Green Spaces Positively Influence the Mental Development of Children
Many parents hope their child will get into a good college. That motive is frequently behind where parents choose to buy a home. They want the best possible school district for their kids.
But as study after study shows, parents might want to also look at how green the district is — or how green their own residential neighborhood will be. For one recently published study suggests that growing up among green surroundings can improve a child’s IQ.
This study covered in The Guardian earlier this week analyzed what happens to a child’s IQ when the green space is increased. The average IQ score of children in the study went up by 2.6 points in both richer and poor neighborhoods.
Analyst believe that perhaps this cognitive development came about because green areas lower stress levels, encourage play, and that a quieter environment is conducive to increased social contact.
Other studies, like a Danish one published last year proved, for example, that living near a park or forest may aid a child’s mental health later in life — giving children a 55% lower risk of developing a mental disorder.
In addition to choosing a town or area with lots of green public spaces, one’s private residential property can be landscaped to ensure sufficient green space for your children.
“We love being in the business of creating such harmonious landscapes. Of course, not all properties make it easy to design such a space,” says our owner Dave Stockwell. “Sometimes the property’s grades or its size make it a challenge. One of the things we do well at Deck and Patio is manipulate grades within the different levels so the family can get the maximum enjoyment.”
This is a good example (left) of just such careful manipulation.
Deck and Patio worked with True Blue Swimming Pools (Dix Hills) to design and build a lagoon-style pool on this property which included a swim-up bar, yet we still managed to leave some lawn space where their children could play.
“The homeowners had previously spoken with other pool and landscape companies, who all wanted to put the pool where the lawn is. But Michael Truehart of True Blue felt it was a pity to use up that flat piece of lawn, where the children loved to play,” adds Dave.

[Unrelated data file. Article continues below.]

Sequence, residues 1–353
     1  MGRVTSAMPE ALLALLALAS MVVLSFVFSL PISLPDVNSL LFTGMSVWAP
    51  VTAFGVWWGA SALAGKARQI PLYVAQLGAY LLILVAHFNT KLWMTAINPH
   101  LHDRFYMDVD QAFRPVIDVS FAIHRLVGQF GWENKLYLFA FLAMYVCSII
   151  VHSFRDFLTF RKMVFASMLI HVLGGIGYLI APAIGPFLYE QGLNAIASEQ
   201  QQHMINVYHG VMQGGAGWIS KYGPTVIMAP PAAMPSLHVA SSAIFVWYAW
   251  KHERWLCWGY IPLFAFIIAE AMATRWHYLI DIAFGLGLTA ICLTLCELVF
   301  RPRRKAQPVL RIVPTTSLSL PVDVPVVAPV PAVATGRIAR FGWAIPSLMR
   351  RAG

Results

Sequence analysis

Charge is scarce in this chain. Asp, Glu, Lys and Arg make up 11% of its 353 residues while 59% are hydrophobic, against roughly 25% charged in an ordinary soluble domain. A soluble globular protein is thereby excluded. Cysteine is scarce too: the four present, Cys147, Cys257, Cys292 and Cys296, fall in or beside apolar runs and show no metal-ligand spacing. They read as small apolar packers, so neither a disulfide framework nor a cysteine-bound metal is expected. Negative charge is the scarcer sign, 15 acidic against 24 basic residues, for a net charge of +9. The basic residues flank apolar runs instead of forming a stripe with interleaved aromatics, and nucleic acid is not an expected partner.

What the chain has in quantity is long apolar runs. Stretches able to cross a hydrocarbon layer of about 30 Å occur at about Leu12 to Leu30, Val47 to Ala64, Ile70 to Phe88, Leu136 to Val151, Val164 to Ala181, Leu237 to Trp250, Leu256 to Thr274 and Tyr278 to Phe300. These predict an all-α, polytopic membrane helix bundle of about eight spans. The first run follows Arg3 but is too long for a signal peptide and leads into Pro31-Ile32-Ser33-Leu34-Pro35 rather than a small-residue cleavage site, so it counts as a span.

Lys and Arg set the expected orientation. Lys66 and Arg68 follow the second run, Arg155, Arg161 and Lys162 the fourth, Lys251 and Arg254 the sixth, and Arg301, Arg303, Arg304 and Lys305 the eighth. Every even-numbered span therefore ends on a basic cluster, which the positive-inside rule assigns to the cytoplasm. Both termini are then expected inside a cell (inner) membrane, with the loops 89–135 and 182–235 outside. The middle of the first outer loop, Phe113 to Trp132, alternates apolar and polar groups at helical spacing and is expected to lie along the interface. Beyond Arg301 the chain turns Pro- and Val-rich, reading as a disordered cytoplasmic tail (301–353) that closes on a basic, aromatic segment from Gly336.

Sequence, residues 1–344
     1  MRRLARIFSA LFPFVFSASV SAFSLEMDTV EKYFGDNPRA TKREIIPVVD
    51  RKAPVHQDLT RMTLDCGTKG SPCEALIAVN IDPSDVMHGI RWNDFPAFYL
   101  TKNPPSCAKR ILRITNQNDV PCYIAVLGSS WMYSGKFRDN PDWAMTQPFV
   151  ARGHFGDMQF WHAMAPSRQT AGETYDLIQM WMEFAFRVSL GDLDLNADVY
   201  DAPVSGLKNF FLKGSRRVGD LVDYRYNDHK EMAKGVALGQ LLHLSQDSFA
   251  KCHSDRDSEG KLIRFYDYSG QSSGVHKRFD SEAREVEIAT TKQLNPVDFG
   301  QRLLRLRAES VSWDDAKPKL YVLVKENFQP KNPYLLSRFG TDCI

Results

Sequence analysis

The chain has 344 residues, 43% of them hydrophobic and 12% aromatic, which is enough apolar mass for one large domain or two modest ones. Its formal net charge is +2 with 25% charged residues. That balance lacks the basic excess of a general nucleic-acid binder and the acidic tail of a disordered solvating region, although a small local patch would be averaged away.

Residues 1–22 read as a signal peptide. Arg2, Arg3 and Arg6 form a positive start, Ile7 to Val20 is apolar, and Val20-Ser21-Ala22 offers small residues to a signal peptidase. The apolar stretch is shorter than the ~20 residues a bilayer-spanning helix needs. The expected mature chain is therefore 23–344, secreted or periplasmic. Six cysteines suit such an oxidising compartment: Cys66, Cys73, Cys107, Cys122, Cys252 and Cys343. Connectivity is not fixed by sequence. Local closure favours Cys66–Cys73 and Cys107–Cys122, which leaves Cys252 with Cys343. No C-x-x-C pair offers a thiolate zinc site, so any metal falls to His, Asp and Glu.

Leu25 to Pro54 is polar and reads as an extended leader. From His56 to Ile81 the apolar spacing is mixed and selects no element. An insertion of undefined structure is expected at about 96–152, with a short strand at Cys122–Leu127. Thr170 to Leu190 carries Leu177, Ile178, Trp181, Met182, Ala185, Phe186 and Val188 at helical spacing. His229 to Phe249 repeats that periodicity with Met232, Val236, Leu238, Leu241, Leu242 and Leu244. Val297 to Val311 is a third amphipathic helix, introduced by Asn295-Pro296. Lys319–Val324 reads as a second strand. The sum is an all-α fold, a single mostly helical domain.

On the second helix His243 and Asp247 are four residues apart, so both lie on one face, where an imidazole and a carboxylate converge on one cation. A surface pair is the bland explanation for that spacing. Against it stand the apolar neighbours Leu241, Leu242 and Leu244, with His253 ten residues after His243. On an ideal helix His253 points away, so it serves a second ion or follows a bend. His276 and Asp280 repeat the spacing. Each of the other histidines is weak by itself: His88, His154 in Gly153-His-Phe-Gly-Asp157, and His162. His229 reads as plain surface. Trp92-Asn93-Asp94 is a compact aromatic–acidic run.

“What was required in order to allow for that was a lot of creative landscaping within the grades, including the pool design. We just had to sculpt the unusual elevated terrain so as to incorporate all that was on their wish list.”
Green Space with Water Features
‘Green’ doesn’t mean only an expansive lawn. A natural environment that aids in the reduction of stress in both children and adults includes lush vegetation as well as, perhaps, a pond, or other water feature for that extra dose of tranquility.
Deck and Patio’s design for this project not only included lots of green space and a waterfall area but an attractive patio for relaxation.
“We also try to keep as many trees as possible when we design an upgrade to someone’s landscaping,” says Dave Stockwell. “Trees are a precious commodity for our well being in so many ways, not to mention they offer a haven to birds.”
Indeed, one of our blogs a few months ago reported on another study regarding the benefits of birdsongs to humans. It said, “depending on the particular birdsong and its type and frequency, the sound of birds can actually help one feel better and react more positively to life — offering restoration from stress and cognitive fatigue.”
Even a small waterfall and/or pond is a perfect place for birds to refresh themselves and have a drink.
Ponds, Pool, and Green Space
This project (left) was actually 3 bodies of water if you include the swimming pool. Our client wanted 2 ponds, one for fish only, and one for water garden plants.
What happened was surprising. The lower pond was the fish pond (it made sense, because the fish might swim down stream into the lower pond if it were the other way around).
“However we were shocked when the client called and told us that the fish were jumping over the waterfall stone and swimming up stream and into the upper pond. I guess you can’t beat mother nature,” says Dave.
This project shows the opposite of our first example above. This property is not sloped at all, which shows it’s not necessary to have a yard with a slope to plan a beautiful water garden. Not to mention, a flat property allows for lots of green space for play.
“It’s all about scale and proportion to achieve a serene vista,” says Dave. “And of course, utility. We were able to leave lots of green play space as well. It’s great when you can plan the landscape for both children and adults.”